The House of Representatives is always full of ambitious politicians, young and old — and many are looking for a promotion this cycle.
Conservative Rep. Mo BrooksMorris (Mo) Jackson BrooksThe Hill’s Morning Report — Presented by Facebook — Biden delivers 100 million shots in 58 days, doses to neighbors Mo Brooks teases Senate announcement with Stephen Miller Laurence Tribe: President or not, Trump can be made to pay for the Jan. 6 insurrection MORE (R-Ala.) will launch a bid for the Senate on Monday. In Missouri, a quartet of House Republicans are all exploring a bid for the seat held by retiring GOP Sen. Roy BluntRoy Dean BluntConservative group rips Toomey as ‘RINO,’ underscoring GOP’s shift Overnight Defense: Top GOP senators demand answers on extended Guard deployment, Capitol fencing | Guard costs estimated at 1M | House panel to take up 2002 war authorization repeal Top GOP senators: Capitol Police failing to justify beefed-up security MORE. And at least five House Democrats are eyeing a possible Senate bid to replace retiring GOP Sen. Pat ToomeyPatrick (Pat) Joseph ToomeySasse rebuked by Nebraska Republican Party over impeachment vote Philly GOP commissioner on censures: ‘I would suggest they censure Republican elected officials who are lying’ Toomey censured by several Pennsylvania county GOP committees over impeachment vote MORE in Pennsylvania.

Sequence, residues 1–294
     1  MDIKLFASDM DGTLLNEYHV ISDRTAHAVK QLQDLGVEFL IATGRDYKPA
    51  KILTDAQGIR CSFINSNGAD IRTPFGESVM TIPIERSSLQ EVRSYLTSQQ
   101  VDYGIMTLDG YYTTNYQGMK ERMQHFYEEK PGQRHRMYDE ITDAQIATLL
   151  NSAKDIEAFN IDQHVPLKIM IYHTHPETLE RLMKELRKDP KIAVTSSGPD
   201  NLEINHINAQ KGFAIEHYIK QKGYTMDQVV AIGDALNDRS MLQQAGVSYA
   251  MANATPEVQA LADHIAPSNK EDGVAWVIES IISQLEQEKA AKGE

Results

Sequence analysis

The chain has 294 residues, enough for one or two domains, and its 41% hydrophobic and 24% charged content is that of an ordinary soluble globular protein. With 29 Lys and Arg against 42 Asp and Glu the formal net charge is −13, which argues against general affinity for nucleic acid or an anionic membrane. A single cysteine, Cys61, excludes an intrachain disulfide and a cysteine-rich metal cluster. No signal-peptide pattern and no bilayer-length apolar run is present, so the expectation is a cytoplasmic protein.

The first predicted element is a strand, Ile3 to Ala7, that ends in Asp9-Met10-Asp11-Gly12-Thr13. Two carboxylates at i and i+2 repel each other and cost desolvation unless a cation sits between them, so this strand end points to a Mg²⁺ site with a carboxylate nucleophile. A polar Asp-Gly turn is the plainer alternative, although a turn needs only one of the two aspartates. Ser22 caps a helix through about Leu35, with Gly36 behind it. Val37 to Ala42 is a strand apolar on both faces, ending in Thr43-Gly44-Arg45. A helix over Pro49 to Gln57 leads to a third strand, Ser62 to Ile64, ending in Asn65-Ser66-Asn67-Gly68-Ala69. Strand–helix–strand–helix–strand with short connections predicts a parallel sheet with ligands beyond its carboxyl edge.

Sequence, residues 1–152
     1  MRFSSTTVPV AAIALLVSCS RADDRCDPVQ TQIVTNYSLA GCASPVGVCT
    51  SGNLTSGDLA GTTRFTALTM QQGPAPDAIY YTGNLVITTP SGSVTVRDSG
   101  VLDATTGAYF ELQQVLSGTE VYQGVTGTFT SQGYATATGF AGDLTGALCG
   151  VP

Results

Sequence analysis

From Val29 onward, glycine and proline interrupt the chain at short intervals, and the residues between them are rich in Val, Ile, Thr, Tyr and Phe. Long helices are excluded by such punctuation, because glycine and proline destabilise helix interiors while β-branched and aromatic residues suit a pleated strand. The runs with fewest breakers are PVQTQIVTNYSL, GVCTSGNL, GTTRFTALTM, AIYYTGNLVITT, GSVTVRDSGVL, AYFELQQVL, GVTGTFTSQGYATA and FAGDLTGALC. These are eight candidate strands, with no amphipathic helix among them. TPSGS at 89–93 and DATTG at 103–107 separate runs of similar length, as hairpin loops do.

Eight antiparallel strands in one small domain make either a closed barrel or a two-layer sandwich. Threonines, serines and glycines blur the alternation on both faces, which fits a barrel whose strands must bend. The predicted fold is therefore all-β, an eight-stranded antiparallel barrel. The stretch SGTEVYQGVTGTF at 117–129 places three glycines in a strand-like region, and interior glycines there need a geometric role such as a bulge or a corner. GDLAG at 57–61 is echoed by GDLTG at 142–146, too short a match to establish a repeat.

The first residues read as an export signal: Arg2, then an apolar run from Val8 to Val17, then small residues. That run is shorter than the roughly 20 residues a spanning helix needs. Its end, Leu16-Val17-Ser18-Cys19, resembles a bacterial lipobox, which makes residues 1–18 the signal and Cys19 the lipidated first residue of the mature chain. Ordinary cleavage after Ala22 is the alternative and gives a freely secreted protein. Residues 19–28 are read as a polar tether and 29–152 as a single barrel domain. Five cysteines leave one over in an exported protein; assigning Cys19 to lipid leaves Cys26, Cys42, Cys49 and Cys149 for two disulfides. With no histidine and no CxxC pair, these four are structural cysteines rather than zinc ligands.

Allies of Rep. Adam SchiffAdam Bennett SchiffHouse rejects GOP resolution to boot Swalwell from Intel panel Schiff defends Swalwell as ‘trusted’ member of intel panel Report finds growing white nationalist threat MORE (D-Calif.) are aggressively lobbying Gov. Gavin NewsomGavin NewsomWhat’s next in the California recall California votes to expand COVID-19-related paid sick leave Republicans launch fundraising vehicle for Newsom recall MORE to appoint the Intelligence Committee chairman as attorney general of the most populous state. Democratic Reps. Greg StantonGregory (Greg) John StantonEnergy Department announces million toward carbon capture, industrial assessment centers House Democrat to introduce bill requiring Capitol Police to use body cameras House Judiciary Democrats ask Pence to invoke 25th Amendment to remove Trump MORE and Ruben GallegoRuben GallegoCongressional Hispanic Caucus’s political arm taps new executive director Progressives fume over Senate setbacks More than 0K raised for Ohio mom arrested for leaving kids alone at motel to work MORE are being encouraged to run for Arizona governor. Rep. Warren DavidsonWarren Earl DavidsonREAD: The Republicans who voted to challenge election results Top GOP lawmakers call for Swalwell to be removed from Intelligence Committee House Republicans who didn’t sign onto the Texas lawsuit MORE (R-Ohio) is mulling a GOP primary challenge against Ohio Gov. Mike DeWineMike DeWineAll Massachusetts residents will be eligible for vaccine on April 19 Ohio expanding vaccine eligibility to those aged 16 and older Sunday shows preview: Democrats declare victory on COVID-19 stimulus; Vaccination efforts provide hope for summer MORE.